This time, Judge Nina N. Wright Padilla asked all 12 to approach so she could shake their hands.

“I hope you continue your work in a law-abiding way,” said Padilla. “I must say you are the most affable group of defendants I’ve ever come across.”

The current trial began Feb. 25 with seven lawyers representing the 12 free of charge. The defense argued that the sit-in was protected by the First Amendment’s free-speech guarantee. They also contended the protest served a “greater good” for society that outweighed the trespass charge.

Deja vu

Via Zero Hedge. Aren’t you glad we broke up the big banks, reinstated the rule against banks owning insurance companies, tightened up on their banking practices, and threw the crooks in jail so they wouldn’t dream of crashing the economy again?

Oh, wait:

First we got GM subprime interest-free car loans, then we got subprime ABS securitizations, then we got soaring student loan defaults and delinquencies, then we got the opportunity to sell and short student loan exposure, and now, finally, the credit bubble is complete as FastFunds Financial Corporation is proud to announce that it has acquired exclusive mortgage servicing rights for an “Innovative New Mortgage Product.”

Why is it so innovative? Because it requires no credit verification, no credit history, no docs and needs no personal guarantees. In other words, it is the very worst of the worst lending practices we saw in 2006: the NINJA.

But there is a twist: “all that is required to qualify for a mortgage loan is qualifying for a life insurance policy, a down payment that usually amounts to 10% of the purchase price and verification that the borrower has the financial ability to pay the monthly payments.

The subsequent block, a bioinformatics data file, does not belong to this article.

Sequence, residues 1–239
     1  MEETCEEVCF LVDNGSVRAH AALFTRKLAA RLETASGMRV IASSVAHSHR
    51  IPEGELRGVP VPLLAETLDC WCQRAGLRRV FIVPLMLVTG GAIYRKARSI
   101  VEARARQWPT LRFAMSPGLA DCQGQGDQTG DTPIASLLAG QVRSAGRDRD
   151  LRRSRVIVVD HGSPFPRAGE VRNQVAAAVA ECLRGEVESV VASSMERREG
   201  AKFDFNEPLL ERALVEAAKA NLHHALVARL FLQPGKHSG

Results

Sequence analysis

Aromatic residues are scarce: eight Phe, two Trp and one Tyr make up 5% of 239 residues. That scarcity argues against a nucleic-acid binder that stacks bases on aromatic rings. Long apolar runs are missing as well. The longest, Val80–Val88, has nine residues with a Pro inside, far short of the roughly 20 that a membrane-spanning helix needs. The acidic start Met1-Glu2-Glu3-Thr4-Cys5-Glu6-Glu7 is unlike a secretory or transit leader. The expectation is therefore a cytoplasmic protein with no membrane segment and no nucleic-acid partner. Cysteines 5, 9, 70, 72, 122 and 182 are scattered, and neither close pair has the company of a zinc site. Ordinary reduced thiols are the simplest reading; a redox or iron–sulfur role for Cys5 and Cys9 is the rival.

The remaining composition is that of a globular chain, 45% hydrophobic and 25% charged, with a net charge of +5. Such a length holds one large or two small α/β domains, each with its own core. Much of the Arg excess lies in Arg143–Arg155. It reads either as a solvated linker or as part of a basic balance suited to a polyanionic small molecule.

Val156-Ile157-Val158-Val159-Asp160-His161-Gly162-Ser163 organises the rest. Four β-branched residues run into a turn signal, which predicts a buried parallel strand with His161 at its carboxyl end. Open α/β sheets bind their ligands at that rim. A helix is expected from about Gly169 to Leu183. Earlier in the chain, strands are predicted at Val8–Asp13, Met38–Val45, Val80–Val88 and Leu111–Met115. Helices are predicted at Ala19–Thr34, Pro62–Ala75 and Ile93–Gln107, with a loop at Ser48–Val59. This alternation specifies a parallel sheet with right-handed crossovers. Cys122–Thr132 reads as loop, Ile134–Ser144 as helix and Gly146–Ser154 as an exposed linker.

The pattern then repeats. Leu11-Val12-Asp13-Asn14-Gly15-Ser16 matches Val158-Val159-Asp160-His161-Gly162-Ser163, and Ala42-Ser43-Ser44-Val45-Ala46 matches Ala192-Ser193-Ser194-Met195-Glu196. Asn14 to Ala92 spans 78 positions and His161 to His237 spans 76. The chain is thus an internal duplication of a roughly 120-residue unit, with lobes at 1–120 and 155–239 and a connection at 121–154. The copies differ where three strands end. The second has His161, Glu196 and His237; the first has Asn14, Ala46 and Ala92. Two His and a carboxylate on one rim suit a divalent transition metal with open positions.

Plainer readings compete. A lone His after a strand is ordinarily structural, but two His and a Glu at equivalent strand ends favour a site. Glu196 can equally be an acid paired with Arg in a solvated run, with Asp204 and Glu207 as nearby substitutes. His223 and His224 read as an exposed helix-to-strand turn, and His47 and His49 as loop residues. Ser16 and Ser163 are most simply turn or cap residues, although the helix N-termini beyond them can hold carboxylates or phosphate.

“In other words: buy life insurance, get a subprime, no doc mortgage for free.Ye olde days are truly back.

From the FastFund credit bubble peak press release:

NET LIFE is a development stage enterprise that has developed and is offering an innovative new mortgage product that is not based on credit history (no doc) or personal guarantees. It is only secured by the underlying collateral and a life insurance policy on the borrower. Therefore, all that is required to qualify for a mortgage loan is qualifying for a life insurance policy, a down payment that usually amounts to 10% of the purchase price and verification that the borrower has the financial ability to pay the monthly payments. NET LIFE believes this mortgage product will be attractive to a wide spectrum of potential borrowers including:

  • first time homebuyers;
  • borrowers who have experienced prior financial difficulties such as foreclosures, bankruptcies, late payments or credit problems; are presently employed and whose current income would qualify for a mortgage loan; but who couldn’t otherwise qualify; and
  • borrowers who may wish to bypass the traditional paperwork involved in the typical underwriting process but who would otherwise qualify.

Since its formation in 2012, NET LIFE has completed development of its mortgage product and conducted testing via a limited number of successful closings. NET LIFE is now developing plans for a national launch of its product line.”We are excited to be on the forefront of launching this exciting new product and especially being on the servicing side where we can gain substantial benefit without the risk associated with traditional mortgage underwriting,” stated Barry Hollander, acting Chief Executive Officer of FastFunds.